Schizachyrium sanguineum (Retz.) Alston
Family: Poaceae
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Max Licher  

Plants cespitose. Culms 40-120 cm, erect, not rooting or branching at the lower nodes, glabrous. Sheaths glabrous, rounded; ligules 0.7-2 mm; blades 7-20 cm long, 1-6 mm wide, usually with long, papillose-based hairs basally, glabrous elsewhere, sometimes scabrous, without a longitudinal stripe of white, spongy tissue. Peduncles 4-6 cm; rames 4-15 cm, not open, usually almost fully exserted at maturity; internodes 4-6 mm, straight, from mostly glabrous with a tuft of hairs at the base to densely hirsute all over. Sessile spikelets 5-9 mm; calluses 0.5-1 mm, hairs to 2 mm; lower glumes glabrous or densely pubescent; upper lemmas cleft for (2/3)3/4-7/8 of their length; awns 15-25 mm. Pedicels 3-6 mm long, 0.3-0.5 mm wide at the base, gradually widening to about 0.6-0.8 mm at the top, straight. Pedicellate spikelets 3-5 mm, usually evidently shorter than the sessile spikelets, sterile or staminate, awned, awns 0.3-6 mm.

Schizachyrium sanguineum extends from the southern United States to Chile, Paraguay, and Uruguay.

FNA 2007
Common Name: crimson bluestem Duration: Perennial Nativity: Native Lifeform: Graminoid General: Tufted perennial with stems 40-120 cm, erect, glaucous, branching at the upper nodes. Vegetative: Sheaths glabrous, rounded; ligule membranous, 1-2 mm long; blades 10-20 cm long and 1-5 mm wide, glabrous or scabrous, with long, papillose hairs near the base of the blade. Inflorescence: Terminal inflorescences, each consisting of a single pedunculate rame with appressed sessile-pedicillate spikelet pairs; rames 4-10 cm long, fully exserted from the uppermost leaf sheath at maturity; rame internodes 4-6 mm, straight, mostly glabrous with a tuft of hairs at the base or densely hirsute all over. Pedicellate spikelets 3-5 mm, sterile or staminate, usually evidently shorter than the sessile spikelets, with awns 0.3-5 mm; pedicels arcuate at maturity, 3-6 mm long, ciliate on both edges distally. Sessile spikelets 5-9 mm, 2-flowered, the lower floret reduced to a hyaline lemma, the upper floret bisexual; calluses 0.5-1 mm, with hairs to 2 mm; lower glumes sparsely to densey hirsute on the back, upper (fertile) lemmas deeply cleft for 3/4 to 7/8 their length, with awns 15-25 mm long. Ecology: Found on rocky slopes to well drained soils from 4,000-5,500 ft (1219-1676 m), flowers June-October. Distribution: Ranges from AZ to sw TX and FL; south to S. Amer. Notes: Schizachyrium is a genus of perennial bunchgrasses with inflorescences consisting of a single branch (rame) lined with spikelets that are grouped in pairs, one spikelet sessile and fertile, the other pedicillate and sterile or staminate. The genus is distinguished from the similar and related genus Andropogon by the solitary rames; Andropogon species usually have more than one rame per inflorescence. The Schizachyriums in the southwest are incredibly similar to each other and quite difficult to tell apart using simple field-friendly traits. S. cirratum is primarily distinguished from this species by its inflorescences which appear glabrous to the naked eye ( but note that the rames and pedicels do have shorter hairs that are visible using a hand lens). In contrast, this species and congener S. scoparium have copiously hairy glumes, the tufts white, several mm long, and visible to the naked eye. This species is distinguished from S. scoparium by having appressed spikelets, while S. scoparium often has a more open inflorescence, with the spikelets diverging from the central axis at maturity. The key character separating this species from S. scoparium is the upper lemmas of the sessile spikelets being cleft for most of their length in this species, while only cleft for half their length on S. scoparium. Also, this species has purple stigmas and yellow anthers, while S. cirratum has purple stigmas and purple anthers, and S scoparium has yellow-white stigmas and purple anthers. Use caution, however, as this trait is only reliable when the plant is in full flower. As the flowers fade, so do the colors. There are two varieties of S. sanguineum; ours are all var. hirtiflorum. Ethnobotany: Unknown Etymology: Schizachyrium is Greek word, meaning divided or cut chaff flower, while sanguineum means blood red. Synonyms: None Editor: SBuckley 2012, AHazelton 2015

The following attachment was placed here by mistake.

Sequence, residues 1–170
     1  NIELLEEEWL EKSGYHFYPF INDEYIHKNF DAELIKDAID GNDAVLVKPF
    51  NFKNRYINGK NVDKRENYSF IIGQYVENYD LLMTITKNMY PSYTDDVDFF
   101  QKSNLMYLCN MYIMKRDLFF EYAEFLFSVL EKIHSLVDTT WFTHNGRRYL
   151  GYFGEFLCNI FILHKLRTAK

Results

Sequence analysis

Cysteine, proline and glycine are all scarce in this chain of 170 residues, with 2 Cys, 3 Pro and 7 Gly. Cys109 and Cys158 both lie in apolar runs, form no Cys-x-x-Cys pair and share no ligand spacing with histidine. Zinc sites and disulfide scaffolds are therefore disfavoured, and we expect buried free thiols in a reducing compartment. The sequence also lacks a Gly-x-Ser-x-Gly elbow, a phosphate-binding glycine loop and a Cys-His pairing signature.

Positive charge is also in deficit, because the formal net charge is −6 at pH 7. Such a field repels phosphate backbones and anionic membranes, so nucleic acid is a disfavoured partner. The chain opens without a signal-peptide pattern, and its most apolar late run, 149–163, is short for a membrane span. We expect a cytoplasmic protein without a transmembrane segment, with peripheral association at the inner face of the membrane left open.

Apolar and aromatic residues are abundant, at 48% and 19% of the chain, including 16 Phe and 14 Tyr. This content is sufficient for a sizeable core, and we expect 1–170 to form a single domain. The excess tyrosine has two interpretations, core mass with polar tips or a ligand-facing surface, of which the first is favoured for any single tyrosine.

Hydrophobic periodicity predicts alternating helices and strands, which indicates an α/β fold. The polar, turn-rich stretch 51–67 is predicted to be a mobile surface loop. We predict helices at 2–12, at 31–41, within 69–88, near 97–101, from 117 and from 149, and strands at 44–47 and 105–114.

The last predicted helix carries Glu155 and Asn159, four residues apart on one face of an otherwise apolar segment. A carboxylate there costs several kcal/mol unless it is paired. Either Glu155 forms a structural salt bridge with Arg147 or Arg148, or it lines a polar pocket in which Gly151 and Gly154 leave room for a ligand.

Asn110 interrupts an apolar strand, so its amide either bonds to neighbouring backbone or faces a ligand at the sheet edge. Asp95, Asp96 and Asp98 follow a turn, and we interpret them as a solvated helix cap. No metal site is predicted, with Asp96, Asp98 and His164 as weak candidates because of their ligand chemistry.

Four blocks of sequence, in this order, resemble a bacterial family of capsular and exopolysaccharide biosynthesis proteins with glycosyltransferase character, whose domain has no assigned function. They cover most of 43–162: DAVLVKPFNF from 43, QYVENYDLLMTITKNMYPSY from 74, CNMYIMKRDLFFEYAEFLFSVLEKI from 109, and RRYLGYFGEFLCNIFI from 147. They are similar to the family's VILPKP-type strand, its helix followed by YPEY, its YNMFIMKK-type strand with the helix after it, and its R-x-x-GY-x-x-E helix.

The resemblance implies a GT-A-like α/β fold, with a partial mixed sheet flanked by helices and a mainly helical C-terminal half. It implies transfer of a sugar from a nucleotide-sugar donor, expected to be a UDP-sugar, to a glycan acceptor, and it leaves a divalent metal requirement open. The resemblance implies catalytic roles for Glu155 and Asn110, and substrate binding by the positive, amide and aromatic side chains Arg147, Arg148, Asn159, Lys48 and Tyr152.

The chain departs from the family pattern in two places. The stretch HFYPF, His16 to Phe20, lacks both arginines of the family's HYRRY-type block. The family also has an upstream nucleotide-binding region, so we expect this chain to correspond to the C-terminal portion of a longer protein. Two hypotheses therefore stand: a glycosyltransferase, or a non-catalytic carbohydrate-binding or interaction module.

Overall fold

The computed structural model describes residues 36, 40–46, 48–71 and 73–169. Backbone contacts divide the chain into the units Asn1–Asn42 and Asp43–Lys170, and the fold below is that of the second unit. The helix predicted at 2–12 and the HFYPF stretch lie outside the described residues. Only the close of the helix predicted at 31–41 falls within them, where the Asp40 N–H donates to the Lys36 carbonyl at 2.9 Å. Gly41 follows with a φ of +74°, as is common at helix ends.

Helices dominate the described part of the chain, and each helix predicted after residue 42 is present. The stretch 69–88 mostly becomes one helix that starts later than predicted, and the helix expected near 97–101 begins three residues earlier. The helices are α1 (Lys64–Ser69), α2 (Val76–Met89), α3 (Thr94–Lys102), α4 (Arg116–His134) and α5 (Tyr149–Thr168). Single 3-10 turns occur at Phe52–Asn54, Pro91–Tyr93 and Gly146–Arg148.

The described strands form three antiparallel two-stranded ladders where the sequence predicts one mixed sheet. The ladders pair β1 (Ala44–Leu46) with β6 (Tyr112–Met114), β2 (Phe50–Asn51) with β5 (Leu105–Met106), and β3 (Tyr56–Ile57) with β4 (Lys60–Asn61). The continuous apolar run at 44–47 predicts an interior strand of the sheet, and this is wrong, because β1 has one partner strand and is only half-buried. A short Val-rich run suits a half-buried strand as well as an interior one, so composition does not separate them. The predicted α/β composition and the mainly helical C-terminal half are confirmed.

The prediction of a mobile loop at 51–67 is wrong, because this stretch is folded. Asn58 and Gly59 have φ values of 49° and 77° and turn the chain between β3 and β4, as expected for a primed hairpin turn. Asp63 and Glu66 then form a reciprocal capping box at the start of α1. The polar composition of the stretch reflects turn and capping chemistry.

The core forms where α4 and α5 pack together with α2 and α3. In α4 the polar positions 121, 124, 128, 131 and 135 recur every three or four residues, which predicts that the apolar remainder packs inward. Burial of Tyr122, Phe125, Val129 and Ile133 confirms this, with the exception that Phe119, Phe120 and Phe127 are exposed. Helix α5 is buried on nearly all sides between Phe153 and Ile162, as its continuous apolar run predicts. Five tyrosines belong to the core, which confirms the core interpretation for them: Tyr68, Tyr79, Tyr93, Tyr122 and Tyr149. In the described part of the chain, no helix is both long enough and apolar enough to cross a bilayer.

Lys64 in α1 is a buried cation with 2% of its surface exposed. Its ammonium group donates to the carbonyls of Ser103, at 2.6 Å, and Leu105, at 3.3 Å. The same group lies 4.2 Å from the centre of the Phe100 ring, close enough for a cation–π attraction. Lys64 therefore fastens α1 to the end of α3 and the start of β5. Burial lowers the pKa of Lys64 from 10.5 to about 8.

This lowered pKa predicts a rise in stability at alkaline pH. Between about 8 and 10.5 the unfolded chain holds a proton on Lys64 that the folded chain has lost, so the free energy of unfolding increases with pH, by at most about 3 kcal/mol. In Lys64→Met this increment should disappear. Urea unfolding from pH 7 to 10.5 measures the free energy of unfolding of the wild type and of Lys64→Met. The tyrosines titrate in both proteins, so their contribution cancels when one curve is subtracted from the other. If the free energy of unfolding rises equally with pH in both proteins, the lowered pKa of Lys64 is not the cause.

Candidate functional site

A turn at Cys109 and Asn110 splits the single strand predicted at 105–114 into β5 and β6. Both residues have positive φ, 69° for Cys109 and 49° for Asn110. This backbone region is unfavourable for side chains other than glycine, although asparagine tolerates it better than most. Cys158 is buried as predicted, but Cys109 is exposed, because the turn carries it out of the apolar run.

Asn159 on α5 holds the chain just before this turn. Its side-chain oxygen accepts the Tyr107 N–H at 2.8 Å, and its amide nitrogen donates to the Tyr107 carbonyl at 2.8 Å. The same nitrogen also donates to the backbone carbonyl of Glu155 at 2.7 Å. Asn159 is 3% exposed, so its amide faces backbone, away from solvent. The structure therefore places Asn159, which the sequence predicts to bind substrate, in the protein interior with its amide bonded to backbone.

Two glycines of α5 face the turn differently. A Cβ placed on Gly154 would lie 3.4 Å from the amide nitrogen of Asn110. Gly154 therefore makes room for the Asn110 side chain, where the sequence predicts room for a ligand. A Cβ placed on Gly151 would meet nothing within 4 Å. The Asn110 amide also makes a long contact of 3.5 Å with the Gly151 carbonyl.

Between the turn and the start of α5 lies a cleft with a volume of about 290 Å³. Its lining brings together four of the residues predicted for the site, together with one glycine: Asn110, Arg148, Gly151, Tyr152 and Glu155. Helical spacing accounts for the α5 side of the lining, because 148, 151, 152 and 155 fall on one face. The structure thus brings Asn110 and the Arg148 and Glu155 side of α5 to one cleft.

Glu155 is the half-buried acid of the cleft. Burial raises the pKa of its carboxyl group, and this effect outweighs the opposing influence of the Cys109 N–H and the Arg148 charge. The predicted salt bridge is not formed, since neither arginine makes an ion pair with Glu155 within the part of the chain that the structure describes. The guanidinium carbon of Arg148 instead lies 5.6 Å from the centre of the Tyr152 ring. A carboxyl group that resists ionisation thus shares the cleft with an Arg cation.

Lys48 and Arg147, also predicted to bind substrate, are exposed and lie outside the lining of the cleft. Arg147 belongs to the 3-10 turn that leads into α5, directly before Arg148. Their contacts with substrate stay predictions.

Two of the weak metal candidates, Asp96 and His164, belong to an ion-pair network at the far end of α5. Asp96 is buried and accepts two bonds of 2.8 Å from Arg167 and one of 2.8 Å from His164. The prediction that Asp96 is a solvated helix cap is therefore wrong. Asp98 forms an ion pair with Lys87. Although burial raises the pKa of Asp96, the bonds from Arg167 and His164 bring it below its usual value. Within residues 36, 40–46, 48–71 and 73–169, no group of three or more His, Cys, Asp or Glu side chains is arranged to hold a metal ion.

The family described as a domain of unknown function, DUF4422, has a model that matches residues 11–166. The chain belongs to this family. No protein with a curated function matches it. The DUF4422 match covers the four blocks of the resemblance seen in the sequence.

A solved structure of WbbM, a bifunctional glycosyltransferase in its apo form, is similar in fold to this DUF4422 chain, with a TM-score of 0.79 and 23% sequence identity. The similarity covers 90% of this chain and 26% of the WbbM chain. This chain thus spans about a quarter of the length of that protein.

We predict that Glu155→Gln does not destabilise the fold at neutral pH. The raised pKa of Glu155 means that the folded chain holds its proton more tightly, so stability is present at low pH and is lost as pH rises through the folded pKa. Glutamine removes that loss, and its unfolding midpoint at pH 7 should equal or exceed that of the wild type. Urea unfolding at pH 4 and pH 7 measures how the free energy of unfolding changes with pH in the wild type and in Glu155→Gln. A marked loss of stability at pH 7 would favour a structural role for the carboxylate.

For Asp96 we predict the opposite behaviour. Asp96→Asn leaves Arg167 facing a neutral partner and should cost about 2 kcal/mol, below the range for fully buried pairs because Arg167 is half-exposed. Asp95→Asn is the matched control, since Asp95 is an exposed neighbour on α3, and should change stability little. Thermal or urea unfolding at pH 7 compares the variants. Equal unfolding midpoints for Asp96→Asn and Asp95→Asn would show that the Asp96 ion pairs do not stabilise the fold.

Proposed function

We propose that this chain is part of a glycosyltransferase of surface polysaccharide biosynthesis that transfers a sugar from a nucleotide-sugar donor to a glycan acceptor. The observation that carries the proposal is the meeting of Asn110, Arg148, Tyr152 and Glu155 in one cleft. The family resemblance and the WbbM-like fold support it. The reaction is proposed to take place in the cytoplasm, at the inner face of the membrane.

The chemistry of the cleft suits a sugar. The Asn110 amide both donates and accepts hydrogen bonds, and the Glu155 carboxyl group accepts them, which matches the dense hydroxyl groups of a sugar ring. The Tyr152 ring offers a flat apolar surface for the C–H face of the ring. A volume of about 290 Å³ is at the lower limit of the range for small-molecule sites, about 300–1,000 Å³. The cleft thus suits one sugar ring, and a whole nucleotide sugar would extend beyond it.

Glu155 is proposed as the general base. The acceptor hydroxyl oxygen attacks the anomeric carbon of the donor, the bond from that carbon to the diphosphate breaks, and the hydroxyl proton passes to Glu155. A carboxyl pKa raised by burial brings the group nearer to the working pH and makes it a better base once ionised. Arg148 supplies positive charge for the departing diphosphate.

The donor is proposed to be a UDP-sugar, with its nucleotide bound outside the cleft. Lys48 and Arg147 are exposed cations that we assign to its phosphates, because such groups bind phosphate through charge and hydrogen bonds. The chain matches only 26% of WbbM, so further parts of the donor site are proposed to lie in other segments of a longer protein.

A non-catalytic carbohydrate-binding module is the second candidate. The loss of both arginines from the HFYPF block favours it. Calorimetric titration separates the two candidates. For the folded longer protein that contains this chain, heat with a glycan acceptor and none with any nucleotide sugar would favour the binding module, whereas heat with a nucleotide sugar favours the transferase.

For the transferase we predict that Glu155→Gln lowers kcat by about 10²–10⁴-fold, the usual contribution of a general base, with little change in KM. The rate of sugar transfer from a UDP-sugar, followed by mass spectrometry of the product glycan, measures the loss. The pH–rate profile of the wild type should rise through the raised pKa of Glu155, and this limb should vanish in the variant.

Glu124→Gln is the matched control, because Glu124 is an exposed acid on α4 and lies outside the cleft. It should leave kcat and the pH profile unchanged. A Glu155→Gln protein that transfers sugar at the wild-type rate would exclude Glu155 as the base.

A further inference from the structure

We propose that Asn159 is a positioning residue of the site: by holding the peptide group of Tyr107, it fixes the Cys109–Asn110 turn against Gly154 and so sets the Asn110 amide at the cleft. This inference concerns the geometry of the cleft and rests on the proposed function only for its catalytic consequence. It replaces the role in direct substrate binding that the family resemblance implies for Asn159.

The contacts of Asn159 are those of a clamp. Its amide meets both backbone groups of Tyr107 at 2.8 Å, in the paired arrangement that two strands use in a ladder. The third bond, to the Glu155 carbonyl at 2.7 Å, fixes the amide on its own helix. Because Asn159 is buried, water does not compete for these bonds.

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Liz Makings  
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Sue Carnahan  
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Liz Makings  
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floridagrasses.org  
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Sue Carnahan  
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Kathy M. Davis, University of Florida Herbarium  
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